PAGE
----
Adding Static Routes via Routing Daemons

Based on this chapter, you should now understand why adding static routes from the UNIX command line differs from adding static routes to the configuration of routing protocol daemons. The former acts directly on the FIB, whereas the latter acts on the RIB.

You should also note that because of this design paradigm, the routing engines differentiate between redistributing static routes added via routing protocol daemons and kernel routes added via the shell. For a complete treatise, three example configuration fragments for MRTd, GateD, and Zebra are offered (Examples 8-12 through 8-14). You can configure a preference value (administrative distance in Cisco notation) for comparison with other internal routing feeds, whereas from the UNIX shell only metrics are possible.

Example 8-12. MRTd Static Routes

[root@callisto:~#] cat /etc/mrtd.conf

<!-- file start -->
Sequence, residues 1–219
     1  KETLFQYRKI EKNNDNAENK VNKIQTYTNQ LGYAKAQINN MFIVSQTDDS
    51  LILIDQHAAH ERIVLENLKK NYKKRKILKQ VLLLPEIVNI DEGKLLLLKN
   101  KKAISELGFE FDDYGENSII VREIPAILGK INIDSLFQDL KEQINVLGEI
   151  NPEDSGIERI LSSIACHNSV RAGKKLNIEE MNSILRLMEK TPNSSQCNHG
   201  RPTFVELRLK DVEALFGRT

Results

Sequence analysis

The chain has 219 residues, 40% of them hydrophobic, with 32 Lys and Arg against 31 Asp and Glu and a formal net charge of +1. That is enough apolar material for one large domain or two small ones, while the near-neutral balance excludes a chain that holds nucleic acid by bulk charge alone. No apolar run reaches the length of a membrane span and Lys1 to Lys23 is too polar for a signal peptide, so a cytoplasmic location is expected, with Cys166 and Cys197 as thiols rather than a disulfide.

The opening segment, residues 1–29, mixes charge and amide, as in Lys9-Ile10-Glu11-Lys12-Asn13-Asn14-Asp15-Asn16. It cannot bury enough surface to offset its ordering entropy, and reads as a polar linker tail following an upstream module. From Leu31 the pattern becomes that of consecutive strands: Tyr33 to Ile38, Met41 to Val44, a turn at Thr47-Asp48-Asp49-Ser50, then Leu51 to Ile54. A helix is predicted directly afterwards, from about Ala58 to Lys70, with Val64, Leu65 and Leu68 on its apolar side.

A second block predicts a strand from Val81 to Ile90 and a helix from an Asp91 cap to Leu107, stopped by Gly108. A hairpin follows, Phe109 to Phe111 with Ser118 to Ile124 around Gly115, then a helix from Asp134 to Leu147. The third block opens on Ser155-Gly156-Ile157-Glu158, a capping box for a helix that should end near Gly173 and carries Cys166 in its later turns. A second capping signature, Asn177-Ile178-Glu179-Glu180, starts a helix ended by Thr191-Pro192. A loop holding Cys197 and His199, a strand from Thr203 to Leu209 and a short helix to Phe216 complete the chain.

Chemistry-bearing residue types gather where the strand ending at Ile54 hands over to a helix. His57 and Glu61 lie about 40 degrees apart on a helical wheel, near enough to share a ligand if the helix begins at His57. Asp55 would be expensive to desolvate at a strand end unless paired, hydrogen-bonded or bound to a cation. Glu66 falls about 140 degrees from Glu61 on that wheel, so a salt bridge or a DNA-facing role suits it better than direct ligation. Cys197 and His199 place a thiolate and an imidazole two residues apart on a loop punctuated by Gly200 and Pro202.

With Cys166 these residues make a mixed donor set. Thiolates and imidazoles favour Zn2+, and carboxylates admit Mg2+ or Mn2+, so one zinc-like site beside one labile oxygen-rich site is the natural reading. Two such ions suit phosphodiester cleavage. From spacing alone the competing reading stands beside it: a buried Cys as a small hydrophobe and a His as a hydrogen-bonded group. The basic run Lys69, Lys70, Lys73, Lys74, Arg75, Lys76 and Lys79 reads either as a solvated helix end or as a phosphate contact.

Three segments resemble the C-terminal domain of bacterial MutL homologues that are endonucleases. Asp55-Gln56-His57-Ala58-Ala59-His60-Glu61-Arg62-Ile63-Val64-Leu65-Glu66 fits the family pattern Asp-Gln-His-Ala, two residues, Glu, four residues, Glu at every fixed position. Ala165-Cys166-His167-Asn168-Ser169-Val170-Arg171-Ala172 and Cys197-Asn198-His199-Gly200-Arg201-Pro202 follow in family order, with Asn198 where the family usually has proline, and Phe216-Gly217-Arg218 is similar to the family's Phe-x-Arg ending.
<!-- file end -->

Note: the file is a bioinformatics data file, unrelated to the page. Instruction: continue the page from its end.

router rip



  redistribute connected

  redistribute static

  redistribute kernel


route 1


Example 8-13. GateD Static Routes

[root@callisto:~#] cat /etc/gated.conf



       host gateway reject;

       host gateway retain;

host gateway noinstall; mask gateway preference 1

       interface eth1; masklen 24 gateway blackhole;

       default gateway;


export proto rip{

        proto static;

        proto direct;

        proto kernel;



Example 8-14. Zebra Static Routes

[root@callisto:~#] cat /usr/local/etc/zebra.conf


ip route eth1 1

ip route Null0